If we think of framing simply as concentration of attention within limits - not concerning ourselves with the question of the potential of those limits to control the elements it confines into a composition - we must concede that every aesthetic experience of nature is framed. It is framed because it depends first and foremost upon the senses, and each of these has a limited range. It is easy to make too much of this condition. This sort of framing is a limitation that is, like many other essentially human limitations, generally indiscernible in the conduct of life. But it is also easy to make too little of it. Whether one is standing outside the cabin looking at the vast panorama or standing within it looking through the window, one is looking at what is necessarily only a selection from the great inventory of natural phenomena. It obviously follows that nature as a whole cannot be appreciated aesthetically, and that we are therefore stuck with finding beauty, sublimity, etc., in parts of nature rather than in a limitless and therefore insensible whole. To this plain fact of limitation, we may add the fact that our limited capacities of attention and comprehension, let alone culturally inculcated limitations on what we may become aware of, inevitably circumscribe our ability to experience natural phenomena. This conclusion flies in the face of at least the most ambitious forms of 'aesthetic integralism,' the notion that natural beauty emerges when, and only when, we regard the whole of nature ( just as the beauty of a poem emerges when, and only when, we regard the whole of the poem). [...]

In the end, the framing controversy is about the variety of limits on attention. Everyone admits that our sensory exposure to the world is limited and that our way of making sense of, or appreciating, the world to which we are exposed is also limited. Not only are the limits inevitable, they are basic conditions of the intelligibility of our sensory world. One person walks along a mountain path turning his head this way and that, listening to the wind, smelling the faint fragrance of high pine needles, feeling the gusts of frigid air on his cheeks. His awareness of all these natural qualities is informally framed, re-framed, and re-framed again as he continues his hike. If his sensory experience were utterly unframed it would be chaotic and unintelligible. Certainly it would be unappreciable. Another person peers through a microscope to examine a volvox colony. She locates it in a dense biotic soup of other animate and inanimate matter, and she isolates it for attention simply by seeing it as a volvox colony, taking its physical limits as the limits of her regard, and pushing all the rest of what appears in her optical field into the background. She has framed the volvox colony for attention - and if she finds it aesthetically interesting, as a potential focus of aesthetic experience, she does so simply by allowing one set of frames (names and physical dimensions of the named objects) to subtend the larger frames of sensory awareness. A third person stops in the course of clearing a debris-clogged gutter to admire the way the oil-runoff, surface froth, and slow-moving mud are catching the low-angled winter light to produce a luminous, rhythmic swirl. As he gathers this in, he turns to his fellow laborer and, looking through his hands with thumbs at right angles, says, 'I wish I had a camera!'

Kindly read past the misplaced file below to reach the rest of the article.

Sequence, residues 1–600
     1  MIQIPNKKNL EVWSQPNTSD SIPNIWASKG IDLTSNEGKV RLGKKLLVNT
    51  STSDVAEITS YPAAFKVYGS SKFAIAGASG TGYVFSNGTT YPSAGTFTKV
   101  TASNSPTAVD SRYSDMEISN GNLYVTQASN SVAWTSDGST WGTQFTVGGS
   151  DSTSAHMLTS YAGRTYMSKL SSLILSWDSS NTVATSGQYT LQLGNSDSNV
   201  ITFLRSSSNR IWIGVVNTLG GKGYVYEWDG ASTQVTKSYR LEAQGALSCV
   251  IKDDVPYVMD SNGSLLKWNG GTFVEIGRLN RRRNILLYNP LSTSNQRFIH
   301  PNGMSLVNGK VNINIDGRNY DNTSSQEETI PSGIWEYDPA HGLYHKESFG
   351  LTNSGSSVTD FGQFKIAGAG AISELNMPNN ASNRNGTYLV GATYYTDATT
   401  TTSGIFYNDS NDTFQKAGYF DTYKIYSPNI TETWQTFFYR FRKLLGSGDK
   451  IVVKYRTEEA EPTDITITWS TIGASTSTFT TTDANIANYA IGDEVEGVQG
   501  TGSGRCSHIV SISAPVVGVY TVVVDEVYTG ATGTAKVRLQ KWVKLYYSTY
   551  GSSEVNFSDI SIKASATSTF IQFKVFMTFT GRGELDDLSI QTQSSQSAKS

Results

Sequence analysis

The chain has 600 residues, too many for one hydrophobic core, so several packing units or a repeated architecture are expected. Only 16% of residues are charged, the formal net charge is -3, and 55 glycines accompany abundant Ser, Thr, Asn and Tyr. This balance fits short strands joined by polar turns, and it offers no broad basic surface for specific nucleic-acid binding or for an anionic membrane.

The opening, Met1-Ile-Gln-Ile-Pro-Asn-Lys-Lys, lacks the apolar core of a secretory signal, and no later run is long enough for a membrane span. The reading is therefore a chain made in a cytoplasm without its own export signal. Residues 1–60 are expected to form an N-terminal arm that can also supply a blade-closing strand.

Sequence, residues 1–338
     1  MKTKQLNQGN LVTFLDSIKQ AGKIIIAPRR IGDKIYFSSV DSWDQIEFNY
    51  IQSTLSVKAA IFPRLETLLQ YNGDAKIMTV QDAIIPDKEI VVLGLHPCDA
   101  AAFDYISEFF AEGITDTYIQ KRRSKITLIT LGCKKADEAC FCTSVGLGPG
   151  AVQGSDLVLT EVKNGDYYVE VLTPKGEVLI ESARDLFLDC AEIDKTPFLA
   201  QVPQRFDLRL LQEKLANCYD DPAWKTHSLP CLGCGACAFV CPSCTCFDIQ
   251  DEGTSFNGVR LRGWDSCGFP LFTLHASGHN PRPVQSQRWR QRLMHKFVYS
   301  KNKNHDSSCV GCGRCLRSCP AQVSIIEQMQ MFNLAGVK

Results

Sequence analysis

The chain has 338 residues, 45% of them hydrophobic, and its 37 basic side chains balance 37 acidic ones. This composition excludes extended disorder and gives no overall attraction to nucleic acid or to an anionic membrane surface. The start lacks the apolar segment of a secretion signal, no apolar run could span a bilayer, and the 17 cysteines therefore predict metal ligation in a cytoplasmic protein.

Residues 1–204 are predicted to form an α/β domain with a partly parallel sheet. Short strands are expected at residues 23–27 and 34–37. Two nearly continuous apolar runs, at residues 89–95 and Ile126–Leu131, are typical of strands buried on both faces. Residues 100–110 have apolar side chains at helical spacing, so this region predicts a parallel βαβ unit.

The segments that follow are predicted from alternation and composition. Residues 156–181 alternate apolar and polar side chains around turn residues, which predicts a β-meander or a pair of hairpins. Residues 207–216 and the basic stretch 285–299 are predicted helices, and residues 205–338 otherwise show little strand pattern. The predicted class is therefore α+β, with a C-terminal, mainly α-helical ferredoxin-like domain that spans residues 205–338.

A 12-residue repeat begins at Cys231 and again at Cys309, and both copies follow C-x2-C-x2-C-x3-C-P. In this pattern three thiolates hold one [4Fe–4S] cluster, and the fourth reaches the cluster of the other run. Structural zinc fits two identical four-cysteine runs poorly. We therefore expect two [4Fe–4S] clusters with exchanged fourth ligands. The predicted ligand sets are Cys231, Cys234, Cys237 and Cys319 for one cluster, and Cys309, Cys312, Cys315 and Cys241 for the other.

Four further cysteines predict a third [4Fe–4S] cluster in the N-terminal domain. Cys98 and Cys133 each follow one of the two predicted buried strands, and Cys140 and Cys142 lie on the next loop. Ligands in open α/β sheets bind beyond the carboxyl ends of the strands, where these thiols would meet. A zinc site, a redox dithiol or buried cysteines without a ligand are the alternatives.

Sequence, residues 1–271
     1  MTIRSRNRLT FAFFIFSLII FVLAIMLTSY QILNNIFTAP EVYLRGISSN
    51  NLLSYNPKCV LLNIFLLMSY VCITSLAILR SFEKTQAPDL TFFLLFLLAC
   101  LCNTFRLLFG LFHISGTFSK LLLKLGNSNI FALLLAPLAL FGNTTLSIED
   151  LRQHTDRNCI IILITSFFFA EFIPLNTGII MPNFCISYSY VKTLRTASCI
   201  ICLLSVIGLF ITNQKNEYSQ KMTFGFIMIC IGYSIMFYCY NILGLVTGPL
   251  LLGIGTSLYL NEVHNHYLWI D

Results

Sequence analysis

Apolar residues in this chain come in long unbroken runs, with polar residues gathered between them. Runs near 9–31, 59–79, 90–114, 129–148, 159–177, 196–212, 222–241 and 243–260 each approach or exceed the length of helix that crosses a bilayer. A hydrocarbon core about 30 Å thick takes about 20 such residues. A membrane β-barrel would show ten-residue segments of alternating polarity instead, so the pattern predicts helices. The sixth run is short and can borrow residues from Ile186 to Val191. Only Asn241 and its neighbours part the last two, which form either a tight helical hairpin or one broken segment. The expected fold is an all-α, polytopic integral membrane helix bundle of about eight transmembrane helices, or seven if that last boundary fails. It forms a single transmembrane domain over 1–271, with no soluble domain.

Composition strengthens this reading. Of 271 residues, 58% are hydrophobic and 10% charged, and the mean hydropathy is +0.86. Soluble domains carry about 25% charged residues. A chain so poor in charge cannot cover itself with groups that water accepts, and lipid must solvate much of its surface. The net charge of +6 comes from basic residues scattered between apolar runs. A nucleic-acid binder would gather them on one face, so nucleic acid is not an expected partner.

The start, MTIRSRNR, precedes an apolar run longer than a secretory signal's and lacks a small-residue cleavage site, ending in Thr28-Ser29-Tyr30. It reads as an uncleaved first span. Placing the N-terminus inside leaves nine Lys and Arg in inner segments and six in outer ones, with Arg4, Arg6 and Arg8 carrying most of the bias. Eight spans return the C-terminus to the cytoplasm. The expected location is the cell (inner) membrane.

I would insist that each of these persons (and of course the roster of similar examples could be indefinitely extended) is in a position to have an aesthetic experience involving a natural object, and hence to be in a position to appreciate natural beauty (or other natural aesthetic qualities). [...] Appreciation doesn't just rove endlessly and haphazardly across the sensory panorama. It must be trained on this or that, focused by our interest in taking in objects or qualities in various assortments. We can't help limiting our experience of nature by selecting various objects for attention at various times.

Taking an aesthetic interest in a particular natural object is an act of selective attention occurring within other selections of attention that don't disappear in the moment of particular appreciation. They just become temporarily extraneous to the appreciation at hand. [...]